Former biology teacher Felicia Svoboda shows Fermilab visitors the ins and outs of doing science.
“Everyone hold up your thumb,” says Felicia Svoboda to a group of high school students, lifting her hand and watching them follow suit. “Ten trillion neutrinos just passed through your thumb. Did you feel it?” Some of the students shake their heads or raise their eyebrows curiously.
Svoboda’s job as a Fermilab docent is to get tour groups curious about particle physics. On this day, she leads a group of students from Illinois’ Rochelle Township High School around displays on the 15th floor of Fermilab’s iconic main building, Wilson Hall.
In addition to serving as a “face of Fermilab,” Svoboda also tries to communicate the wonder of the research done at the laboratory and the engineering required to accomplish it.
Svoboda and the laboratory’s 24 other docents often take student groups, in particular, to Fermilab’s machine shop to show that running a physics lab takes more than just physicists.
“Maybe some students aren’t future physicists but will become engineers, machinists or technicians,” says Fermilab docent manager Sue Sheehan. “We try to appeal to the interest of as many students as possible.”
Physics teacher Paul Cooney has brought his students from Rochelle Township to the lab for the past three years. He uses the tours as part of the science, technology, engineering and mathematics career lessons he teaches.
“I want the students to see people whose job it is to ask questions,” he says. “Scientists are always looking for more instead of looking for a place to stop.”
It’s not just students the docents are trying to reach. They welcome visitors of all ages and levels of knowledge to the laboratory to learn about particle physics and the daily on-the-job activities of Fermilab employees.
“Docents need to have as much background knowledge [on particle physics] as possible,” Sheehan says. “They need to make sure the information is presented at a level that the audience can understand.”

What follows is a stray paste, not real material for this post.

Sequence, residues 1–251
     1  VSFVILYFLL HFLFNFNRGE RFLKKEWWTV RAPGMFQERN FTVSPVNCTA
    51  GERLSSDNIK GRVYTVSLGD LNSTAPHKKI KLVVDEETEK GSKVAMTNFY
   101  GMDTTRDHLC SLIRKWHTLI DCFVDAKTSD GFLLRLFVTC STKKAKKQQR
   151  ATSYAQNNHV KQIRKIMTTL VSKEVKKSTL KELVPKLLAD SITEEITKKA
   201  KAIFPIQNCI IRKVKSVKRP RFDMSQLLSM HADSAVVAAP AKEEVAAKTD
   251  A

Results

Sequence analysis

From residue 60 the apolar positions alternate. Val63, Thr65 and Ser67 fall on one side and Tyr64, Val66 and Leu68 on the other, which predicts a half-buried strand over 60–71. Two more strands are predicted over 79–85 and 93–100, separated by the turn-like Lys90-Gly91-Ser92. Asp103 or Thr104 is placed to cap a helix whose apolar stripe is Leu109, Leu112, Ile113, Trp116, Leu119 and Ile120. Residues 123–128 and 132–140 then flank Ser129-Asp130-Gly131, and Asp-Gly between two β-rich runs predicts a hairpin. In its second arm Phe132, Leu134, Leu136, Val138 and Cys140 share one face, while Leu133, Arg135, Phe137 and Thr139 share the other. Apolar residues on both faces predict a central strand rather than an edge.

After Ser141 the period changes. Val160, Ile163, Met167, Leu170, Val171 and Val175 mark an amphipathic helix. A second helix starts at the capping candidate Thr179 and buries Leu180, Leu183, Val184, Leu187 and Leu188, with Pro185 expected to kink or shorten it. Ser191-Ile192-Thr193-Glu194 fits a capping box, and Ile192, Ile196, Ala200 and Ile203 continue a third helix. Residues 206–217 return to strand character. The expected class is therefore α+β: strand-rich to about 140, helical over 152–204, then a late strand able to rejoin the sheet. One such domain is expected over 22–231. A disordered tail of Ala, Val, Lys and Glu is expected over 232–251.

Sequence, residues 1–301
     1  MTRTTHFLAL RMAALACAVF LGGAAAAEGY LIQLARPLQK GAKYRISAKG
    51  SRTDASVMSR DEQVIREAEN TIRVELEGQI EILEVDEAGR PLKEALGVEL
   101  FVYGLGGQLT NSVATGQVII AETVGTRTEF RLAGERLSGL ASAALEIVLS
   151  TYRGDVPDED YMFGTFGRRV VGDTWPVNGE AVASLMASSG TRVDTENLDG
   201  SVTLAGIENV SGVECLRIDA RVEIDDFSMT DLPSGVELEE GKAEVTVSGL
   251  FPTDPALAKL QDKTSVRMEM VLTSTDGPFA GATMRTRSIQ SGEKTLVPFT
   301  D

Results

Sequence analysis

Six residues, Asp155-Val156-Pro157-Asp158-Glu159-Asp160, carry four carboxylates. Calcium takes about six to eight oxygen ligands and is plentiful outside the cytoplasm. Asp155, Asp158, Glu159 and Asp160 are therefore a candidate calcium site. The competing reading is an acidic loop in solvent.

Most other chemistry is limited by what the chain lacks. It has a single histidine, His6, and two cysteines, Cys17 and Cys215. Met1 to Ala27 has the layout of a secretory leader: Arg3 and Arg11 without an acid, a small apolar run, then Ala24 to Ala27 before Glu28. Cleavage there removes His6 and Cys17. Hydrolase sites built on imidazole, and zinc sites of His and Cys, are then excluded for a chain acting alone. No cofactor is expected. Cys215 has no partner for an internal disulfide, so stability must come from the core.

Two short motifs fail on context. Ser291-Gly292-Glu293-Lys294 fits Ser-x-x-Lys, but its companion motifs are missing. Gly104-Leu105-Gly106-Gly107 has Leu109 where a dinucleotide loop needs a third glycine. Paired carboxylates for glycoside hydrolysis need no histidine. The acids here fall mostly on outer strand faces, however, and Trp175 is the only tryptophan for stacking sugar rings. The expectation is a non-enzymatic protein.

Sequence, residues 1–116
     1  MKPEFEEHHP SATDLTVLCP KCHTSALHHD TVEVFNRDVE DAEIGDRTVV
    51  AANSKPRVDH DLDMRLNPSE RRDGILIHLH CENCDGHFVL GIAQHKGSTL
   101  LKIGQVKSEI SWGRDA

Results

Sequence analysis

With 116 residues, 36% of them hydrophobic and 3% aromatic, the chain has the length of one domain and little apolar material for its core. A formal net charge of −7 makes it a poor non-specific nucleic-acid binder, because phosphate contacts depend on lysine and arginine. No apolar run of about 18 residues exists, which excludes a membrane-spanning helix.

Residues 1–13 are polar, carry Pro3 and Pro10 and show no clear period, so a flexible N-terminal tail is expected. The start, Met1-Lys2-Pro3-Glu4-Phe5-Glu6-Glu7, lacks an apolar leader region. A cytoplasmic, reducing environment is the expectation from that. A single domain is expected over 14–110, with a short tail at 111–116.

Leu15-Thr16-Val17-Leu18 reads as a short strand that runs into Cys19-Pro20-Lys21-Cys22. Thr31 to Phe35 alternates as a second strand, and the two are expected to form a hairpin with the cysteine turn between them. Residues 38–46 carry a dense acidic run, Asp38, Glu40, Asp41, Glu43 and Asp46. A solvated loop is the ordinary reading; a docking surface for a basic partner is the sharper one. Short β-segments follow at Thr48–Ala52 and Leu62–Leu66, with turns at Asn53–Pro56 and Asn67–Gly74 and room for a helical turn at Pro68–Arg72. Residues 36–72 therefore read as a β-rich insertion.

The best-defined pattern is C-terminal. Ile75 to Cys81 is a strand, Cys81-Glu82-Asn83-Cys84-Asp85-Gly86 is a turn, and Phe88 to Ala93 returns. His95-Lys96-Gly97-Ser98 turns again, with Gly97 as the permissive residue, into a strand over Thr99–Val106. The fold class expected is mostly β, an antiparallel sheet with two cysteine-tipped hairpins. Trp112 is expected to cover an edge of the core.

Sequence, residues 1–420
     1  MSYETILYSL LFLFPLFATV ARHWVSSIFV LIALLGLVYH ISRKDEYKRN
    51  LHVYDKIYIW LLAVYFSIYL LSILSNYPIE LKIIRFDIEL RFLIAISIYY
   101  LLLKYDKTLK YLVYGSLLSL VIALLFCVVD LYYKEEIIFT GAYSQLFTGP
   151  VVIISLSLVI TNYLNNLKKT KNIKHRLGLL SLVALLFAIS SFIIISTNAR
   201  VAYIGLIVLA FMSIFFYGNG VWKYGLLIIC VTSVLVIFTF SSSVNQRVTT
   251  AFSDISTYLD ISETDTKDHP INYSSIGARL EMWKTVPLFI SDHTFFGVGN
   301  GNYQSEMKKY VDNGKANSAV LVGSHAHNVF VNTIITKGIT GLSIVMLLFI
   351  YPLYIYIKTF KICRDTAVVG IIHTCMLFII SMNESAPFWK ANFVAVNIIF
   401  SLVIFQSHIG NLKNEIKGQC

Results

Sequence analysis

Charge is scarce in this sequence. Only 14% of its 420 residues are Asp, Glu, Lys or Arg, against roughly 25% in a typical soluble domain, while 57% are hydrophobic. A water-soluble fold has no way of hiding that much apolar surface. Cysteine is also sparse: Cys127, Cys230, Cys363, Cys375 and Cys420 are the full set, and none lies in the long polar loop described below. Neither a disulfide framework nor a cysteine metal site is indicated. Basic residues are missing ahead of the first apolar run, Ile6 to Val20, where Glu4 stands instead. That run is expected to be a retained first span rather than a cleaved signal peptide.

Svoboda often keeps her audience engaged by showing them real pieces of Fermilab machinery.
“Take a close look at this exhibit,” Svoboda tells her tour group, gesturing toward a foot-wide copper cylinder containing a bundle of more than 2000 niobium-titanium alloy filaments.
“It has a destiny,” she says.
Svoboda pulls three wires from her pocket. The wires, now as thin as yarn, were once the same as the foot-thick cylinders on display, she says. They were rolled and stretched to their new shape to fit into superconducting magnets, she says. Some students gasp at the transformation.
Svoboda, a retired high school biology teacher, knew little about particle physics before she decided 10 years ago to be a docent. Previous visits to the lab during her career as a teacher had piqued her interest in particle physics, she says.
“I didn’t explore physics much in high school and college, so it was a learning experience for me,” Svoboda says. “But while training to be a docent, I found out that particle physics is exciting and appealing to me.”
Svoboda’s biology background came into play during her training. In addition to being the only dedicated particle physics national laboratory in the United States, Fermilab also boasts one of the oldest and largest areas of restored, tallgrass prairie in the state of Illinois.
Before giving tours, the docents—who may be former teachers, scientists or engineers—spend weeks learning about particle physics, the lab’s role in research and engineering, and the lab’s environment. They shadow experienced docents and read manuals of information.
“Being a docent requires a diverse knowledge base,” Sheehan says.
Docents, like scientists, need a real thirst for knowledge to make it, she says. Great docents, like great scientists, can pass that enthusiasm on.